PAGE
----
Then, in an article titled "In Defense of a Prophetic Voice," Dr. Reagan launches a fairly serious attack against the critics of The Harbinger. This is a response to that article (although this response could be generally directed to many who have supported The Harbinger and defended Jonathan Cahn and have said many of the same things.)

As I have followed The Harbinger controversy, I have tried to read everything that has been written about the issue, both positive and negative. What I have found is that theological liberals have been almost uniformly silent about The Harbinger. Although one might expect that it would provoke a response from some in mainstream denominations or from some emerging church leaders, I don’t recall reading anything specific from them. This makes the opening quote in Dr. Reagan’s article both puzzling and troubling:

People love pillow prophets. They hate true prophets. Pillow prophets tell people what they want to hear. They cry, "Peace and safety!" when danger is imminent. True prophets warn of danger and cry for repentance.

Since the normal "pillow prophets" have said virtually nothing about The Harbinger, to whom, then, could Dr. Reagan be referring except the theologically conservative evangelical critics of the book?

Comparing Jonathan Cahn to the biblical prophet Jeremiah, Dr. Reagan further writes:

In like manner, Jonathan Cahn has been the victim of irresponsible and vicious attacks. He has been accused of "parading as a prophet." Others have branded him a "false prophet." These charges are reckless, unwarranted and un-Christ-like.

So, apparently anyone who has criticized The Harbinger falls into the category of "pillow prophet" (or at least in the category of "those who love pillow prophets"). However, anyone who has followed this controversy knows that no one could reasonably suggest that The Harbinger’s critics are the type of "pillow-prophets" he describes. This is a very hollow charge that has no basis in fact.

Another problem is the accusation that these "pillow-prophets" have subjected Jonathan Cahn to "irresponsible and vicious attacks." With few, if any, exceptions the vast majority of critiques have focused only on the issues and have purposefully avoided personal attacks. I don’t think any of the primary, more well-known critics have said or written anything that could be characterized as anything close to "irresponsible" or "vicious."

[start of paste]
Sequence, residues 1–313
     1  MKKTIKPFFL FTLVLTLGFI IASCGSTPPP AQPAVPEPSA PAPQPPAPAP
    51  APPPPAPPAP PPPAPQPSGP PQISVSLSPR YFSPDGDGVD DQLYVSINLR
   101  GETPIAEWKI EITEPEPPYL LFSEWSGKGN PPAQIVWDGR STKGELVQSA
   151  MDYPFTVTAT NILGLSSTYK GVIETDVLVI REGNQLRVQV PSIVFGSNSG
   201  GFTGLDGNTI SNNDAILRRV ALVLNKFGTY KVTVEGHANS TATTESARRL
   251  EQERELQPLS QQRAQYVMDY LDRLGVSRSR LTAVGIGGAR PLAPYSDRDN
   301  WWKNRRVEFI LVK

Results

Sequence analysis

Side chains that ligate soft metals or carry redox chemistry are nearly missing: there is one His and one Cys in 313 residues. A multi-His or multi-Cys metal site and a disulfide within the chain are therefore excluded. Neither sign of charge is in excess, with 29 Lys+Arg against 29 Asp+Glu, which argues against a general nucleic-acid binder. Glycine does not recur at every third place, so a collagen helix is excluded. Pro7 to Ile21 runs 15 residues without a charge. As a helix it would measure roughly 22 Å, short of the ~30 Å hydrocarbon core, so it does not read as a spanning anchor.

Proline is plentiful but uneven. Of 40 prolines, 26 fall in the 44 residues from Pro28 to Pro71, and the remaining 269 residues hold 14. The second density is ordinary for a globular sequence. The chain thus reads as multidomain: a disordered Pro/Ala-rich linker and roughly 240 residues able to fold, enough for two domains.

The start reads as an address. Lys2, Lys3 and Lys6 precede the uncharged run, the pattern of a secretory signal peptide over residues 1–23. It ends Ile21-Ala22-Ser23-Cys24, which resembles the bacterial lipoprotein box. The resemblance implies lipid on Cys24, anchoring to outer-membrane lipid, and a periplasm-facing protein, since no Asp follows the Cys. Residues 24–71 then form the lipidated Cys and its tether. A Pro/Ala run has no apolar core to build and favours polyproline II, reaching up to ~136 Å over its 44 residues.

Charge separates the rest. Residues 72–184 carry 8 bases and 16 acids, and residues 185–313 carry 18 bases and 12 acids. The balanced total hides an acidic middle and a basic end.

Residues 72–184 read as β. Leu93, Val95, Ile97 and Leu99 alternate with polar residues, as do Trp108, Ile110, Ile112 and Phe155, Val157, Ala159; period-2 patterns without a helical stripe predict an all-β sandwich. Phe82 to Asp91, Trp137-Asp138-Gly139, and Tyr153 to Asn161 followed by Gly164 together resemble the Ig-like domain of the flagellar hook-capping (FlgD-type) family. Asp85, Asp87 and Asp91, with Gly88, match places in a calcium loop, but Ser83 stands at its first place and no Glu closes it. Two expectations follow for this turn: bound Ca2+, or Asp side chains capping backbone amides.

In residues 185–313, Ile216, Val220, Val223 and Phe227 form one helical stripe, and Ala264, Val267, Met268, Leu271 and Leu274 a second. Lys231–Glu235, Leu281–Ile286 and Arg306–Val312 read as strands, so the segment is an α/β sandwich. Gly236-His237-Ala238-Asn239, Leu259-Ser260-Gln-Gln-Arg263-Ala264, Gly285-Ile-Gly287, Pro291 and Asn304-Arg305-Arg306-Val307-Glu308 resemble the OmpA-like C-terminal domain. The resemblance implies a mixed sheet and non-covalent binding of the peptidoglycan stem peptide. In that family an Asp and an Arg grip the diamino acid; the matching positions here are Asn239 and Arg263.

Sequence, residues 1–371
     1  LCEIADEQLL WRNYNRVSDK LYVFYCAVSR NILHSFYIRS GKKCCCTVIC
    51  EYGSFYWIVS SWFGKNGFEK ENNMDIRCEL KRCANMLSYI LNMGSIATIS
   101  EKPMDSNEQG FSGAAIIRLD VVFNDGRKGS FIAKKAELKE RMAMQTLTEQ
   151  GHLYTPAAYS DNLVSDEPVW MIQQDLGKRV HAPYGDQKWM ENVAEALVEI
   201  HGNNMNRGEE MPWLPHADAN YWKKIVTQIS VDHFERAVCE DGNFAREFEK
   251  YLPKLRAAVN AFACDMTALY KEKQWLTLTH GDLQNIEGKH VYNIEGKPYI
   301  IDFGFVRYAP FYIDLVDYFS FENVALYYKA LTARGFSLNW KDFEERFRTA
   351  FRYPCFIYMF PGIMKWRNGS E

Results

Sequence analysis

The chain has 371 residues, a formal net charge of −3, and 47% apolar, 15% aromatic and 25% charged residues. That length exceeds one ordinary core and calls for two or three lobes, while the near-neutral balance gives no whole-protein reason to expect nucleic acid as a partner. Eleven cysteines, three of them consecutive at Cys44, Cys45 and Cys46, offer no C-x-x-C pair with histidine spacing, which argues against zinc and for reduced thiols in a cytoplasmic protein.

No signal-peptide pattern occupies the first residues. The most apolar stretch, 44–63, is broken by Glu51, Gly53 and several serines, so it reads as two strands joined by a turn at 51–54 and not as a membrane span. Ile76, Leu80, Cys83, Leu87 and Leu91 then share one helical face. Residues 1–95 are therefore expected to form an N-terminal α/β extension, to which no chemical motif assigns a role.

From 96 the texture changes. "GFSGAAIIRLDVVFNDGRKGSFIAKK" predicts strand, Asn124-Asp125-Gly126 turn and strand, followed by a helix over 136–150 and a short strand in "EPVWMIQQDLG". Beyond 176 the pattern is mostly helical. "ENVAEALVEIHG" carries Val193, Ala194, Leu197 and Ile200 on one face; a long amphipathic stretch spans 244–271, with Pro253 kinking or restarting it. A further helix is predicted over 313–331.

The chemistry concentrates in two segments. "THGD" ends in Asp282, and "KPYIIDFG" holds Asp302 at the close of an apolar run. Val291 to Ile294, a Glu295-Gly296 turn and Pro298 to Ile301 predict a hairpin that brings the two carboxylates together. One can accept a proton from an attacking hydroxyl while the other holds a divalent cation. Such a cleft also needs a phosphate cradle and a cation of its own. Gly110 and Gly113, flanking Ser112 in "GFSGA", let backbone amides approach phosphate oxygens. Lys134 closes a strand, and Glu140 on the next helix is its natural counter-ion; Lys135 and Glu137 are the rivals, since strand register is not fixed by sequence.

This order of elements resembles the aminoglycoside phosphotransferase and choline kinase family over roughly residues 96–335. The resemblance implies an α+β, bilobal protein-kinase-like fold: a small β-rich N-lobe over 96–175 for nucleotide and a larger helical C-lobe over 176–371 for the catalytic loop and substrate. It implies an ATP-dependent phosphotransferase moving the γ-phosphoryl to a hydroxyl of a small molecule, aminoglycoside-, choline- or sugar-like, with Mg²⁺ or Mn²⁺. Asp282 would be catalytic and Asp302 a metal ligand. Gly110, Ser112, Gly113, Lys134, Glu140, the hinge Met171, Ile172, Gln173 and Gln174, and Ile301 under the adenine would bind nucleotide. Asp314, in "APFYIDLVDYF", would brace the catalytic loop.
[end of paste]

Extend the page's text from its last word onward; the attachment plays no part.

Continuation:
These charges raise the question of whether Dr. Reagan has actually read some of the more significant critical reviews of The Harbinger. Has he actually considered the substance of our concerns? Has he read The Harbinger: Fact or Fiction?

Dr. Reagan goes on to say:

Jonathan Cahn’s message is thoroughly biblical. It is not based on any new revelation from God. Rather, it is based on the biblical principles that govern God’s relationship with nations.

This is quite a gloss that overlooks a number of serious issues.

For example, the most important principle of biblical interpretation is to never lift a verse from its context. If the context is not considered, it is impossible to understand a passage correctly. However, this is precisely what Jonathan Cahn has done with Isaiah 9:10. Although, the nine verses which precede Isaiah 9:10 represent one of the most important Messianic Kingdom passages in the entire Old Testament, they are completely ignored in The Harbinger. Neither are the following verses considered. How is it that a single verse in the middle of a chapter with twenty-one verses is a template for events which have happened in America and the other twenty verses have no connection whatsoever? If just 9:10 is a template, why not the entire chapter? And if not the entire chapter, why 9:10? Surely a Bible teacher like Dr. Reagan realizes just how serious this problem really is. It is difficult to understand how he can suggest that The Harbinger’s message is "thoroughly biblical."

And this only begins to scratch the surface. Another issue is Cahn's speculation concerning the Sh'mitah (Israel’s Sabbath year). He claims that America experienced a judgment (or at least a warning) from God in both 2001 and 2008, tied to the Hebrew Sabbath year in the form of stock market crashes. To suggest that God is using the Sh’mitah as a basis or principle of judgment against any nation except Israel is thoroughly unbiblical. What about 1994, 1987, 1980, 1971….? Why did it begin in 2001 and without any warning that we, as a Gentile nation, were obligated to the Sh’mitah? This isn't the way God does things. And beyond this, in terms of percentage, neither of these crashes even rank in the top ten crashes. There wasn't anything approaching a total collapse as happened in ancient Israel.